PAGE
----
Who doesn't want smooth, creamy, flawless skin?
By using Lightroom's Adjustment Brush, you can give your portrait subjects skin that's as smooth as a baby's bottom in just a few quick steps.
Here's how it's done:
I love images that are steeped in rich, luscious colors.
But I also love the simplicity and charm of black and white photography. There's just something so classic and timeless about a black and white image. Black and white photos are all about shapes and textures and the way that the light plays with those elements. And without color, there's nothing to distract from the message/emotion captured in an image.
Fall is almost here!
The official start of Fall is September 23. It's just a mere two weeks away! And with the cooling weather and the reduced sunlight, the trees begin to change color, creating a photographer's paradise with some of the most breathtaking scenics of the year.
I always shoot RAW. I have my camera set to shoot in the RAW format and I never change that setting.
But I know that there's some controversy about shooting RAW vs. JPEG. It seems that everyone has an opinion on it. Obviously, I do too.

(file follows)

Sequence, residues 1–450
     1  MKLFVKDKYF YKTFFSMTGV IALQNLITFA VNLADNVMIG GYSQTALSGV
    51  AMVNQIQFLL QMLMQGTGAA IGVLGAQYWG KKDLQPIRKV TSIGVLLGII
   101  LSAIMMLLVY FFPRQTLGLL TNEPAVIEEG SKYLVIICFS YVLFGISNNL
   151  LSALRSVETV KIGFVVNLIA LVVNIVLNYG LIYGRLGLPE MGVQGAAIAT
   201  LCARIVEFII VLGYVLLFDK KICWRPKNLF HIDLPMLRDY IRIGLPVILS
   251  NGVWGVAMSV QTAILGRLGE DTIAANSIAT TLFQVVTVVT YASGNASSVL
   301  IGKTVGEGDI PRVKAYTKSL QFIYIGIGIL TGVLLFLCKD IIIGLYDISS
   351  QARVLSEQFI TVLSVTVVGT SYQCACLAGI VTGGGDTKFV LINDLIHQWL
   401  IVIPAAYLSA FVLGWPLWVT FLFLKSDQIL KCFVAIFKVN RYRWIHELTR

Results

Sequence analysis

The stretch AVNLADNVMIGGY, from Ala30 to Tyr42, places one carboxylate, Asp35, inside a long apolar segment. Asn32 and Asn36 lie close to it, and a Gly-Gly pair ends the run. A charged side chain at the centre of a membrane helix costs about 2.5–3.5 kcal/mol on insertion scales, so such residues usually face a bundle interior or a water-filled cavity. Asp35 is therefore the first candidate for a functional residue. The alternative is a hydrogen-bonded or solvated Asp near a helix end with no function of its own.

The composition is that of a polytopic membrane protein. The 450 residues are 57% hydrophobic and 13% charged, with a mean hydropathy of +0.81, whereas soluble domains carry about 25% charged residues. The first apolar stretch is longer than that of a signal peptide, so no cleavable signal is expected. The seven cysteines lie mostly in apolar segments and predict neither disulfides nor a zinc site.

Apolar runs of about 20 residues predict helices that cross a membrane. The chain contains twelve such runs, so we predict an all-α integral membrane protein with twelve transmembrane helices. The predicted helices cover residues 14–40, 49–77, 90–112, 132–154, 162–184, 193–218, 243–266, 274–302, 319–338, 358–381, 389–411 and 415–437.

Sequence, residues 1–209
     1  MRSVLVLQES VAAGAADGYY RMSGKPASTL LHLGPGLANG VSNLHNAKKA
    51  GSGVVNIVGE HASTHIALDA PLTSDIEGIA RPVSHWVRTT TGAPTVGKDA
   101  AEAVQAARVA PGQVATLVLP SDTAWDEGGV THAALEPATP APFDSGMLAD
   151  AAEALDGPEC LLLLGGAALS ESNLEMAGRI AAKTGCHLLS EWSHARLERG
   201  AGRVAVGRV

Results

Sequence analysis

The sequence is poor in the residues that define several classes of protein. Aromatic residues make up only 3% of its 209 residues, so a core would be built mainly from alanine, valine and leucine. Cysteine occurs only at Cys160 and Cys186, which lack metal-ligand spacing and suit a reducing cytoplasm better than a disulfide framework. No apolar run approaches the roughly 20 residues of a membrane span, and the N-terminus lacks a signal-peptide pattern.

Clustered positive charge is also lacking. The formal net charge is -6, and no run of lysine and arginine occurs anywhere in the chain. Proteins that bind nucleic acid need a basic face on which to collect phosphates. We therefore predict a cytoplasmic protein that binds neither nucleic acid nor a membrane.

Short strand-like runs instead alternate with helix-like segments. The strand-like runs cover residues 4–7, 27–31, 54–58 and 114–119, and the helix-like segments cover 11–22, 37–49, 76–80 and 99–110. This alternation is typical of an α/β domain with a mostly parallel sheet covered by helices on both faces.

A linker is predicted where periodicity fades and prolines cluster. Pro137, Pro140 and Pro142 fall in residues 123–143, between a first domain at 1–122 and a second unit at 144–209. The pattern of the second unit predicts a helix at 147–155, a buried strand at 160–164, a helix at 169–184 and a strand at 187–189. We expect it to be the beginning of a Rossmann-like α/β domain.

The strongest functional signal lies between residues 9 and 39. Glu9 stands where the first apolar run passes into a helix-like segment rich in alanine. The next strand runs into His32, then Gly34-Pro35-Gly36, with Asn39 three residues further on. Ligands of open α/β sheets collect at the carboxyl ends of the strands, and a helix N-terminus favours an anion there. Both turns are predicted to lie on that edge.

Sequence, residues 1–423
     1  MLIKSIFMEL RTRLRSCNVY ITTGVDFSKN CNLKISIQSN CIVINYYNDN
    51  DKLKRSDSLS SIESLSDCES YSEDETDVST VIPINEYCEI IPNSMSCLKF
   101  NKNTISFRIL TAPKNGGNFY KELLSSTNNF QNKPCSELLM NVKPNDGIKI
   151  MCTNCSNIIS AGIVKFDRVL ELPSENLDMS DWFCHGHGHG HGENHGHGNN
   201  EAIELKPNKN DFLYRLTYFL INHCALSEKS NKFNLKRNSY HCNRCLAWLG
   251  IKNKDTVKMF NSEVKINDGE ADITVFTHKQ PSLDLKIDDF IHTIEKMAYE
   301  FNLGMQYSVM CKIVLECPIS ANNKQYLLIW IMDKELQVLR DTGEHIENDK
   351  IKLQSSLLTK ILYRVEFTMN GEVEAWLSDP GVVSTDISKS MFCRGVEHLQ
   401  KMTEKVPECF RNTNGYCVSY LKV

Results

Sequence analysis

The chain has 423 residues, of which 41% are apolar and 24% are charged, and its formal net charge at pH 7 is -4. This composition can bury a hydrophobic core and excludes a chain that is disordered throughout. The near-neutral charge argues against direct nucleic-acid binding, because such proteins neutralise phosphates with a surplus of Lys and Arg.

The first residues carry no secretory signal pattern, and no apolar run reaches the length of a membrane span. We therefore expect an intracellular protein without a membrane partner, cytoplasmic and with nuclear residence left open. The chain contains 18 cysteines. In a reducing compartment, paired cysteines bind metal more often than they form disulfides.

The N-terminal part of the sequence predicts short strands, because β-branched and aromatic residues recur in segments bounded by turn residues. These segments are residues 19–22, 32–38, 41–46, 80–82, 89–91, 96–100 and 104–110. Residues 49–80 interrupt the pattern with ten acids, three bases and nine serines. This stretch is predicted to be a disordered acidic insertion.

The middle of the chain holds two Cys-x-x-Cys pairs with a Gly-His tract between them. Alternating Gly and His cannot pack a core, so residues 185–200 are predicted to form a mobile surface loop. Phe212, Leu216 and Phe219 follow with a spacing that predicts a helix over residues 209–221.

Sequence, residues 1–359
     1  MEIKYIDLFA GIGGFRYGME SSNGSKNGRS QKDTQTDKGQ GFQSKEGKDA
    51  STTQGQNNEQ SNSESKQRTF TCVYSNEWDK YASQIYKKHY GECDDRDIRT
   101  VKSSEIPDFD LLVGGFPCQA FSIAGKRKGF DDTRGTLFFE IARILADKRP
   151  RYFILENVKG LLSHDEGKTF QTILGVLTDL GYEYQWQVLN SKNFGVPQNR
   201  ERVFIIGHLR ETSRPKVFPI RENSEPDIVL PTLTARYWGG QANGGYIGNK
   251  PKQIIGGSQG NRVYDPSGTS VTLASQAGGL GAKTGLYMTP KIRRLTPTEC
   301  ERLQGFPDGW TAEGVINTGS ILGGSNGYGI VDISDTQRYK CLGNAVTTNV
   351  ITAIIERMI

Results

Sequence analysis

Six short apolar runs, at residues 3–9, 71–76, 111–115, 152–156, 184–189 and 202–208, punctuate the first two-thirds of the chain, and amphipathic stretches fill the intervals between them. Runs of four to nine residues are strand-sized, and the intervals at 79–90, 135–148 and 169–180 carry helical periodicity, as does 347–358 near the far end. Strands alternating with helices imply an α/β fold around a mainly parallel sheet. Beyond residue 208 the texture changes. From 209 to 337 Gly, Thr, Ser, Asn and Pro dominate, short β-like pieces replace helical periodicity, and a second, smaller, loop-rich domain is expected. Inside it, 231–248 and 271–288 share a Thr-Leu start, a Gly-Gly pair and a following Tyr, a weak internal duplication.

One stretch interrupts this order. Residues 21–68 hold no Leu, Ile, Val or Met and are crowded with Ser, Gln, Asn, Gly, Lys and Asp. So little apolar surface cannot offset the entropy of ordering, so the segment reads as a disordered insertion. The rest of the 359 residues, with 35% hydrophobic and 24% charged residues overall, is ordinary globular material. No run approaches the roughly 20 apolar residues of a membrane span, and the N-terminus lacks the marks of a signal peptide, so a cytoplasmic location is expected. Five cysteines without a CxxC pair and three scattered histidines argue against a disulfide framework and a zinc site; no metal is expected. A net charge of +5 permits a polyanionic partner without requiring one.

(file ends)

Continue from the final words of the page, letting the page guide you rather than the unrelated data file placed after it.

Over the past ten posts, we talked a lot about the components of exposure and how important they are in controlling the look and feel of your images.
Below is a list of links to those posts, just in case you’ve missed any:
We've seen how managing the ISO setting allows you to control the amount of grain that shows in your photos. But it does more than that. Understanding and working with the ISO setting gives us added flexibility in terms of setting the other two exposure settings–aperture and shutter speed.
The bottom line is that ISO is an important and useful tool, and one that you will want to be comfortable with if you are looking to take creative control of your exposure.
For the last several posts, we have been talking about exposure and how we can use it to creatively change the look of our photos. And in our previous post, we looked at using the aperture settings to change the depth of field of an image.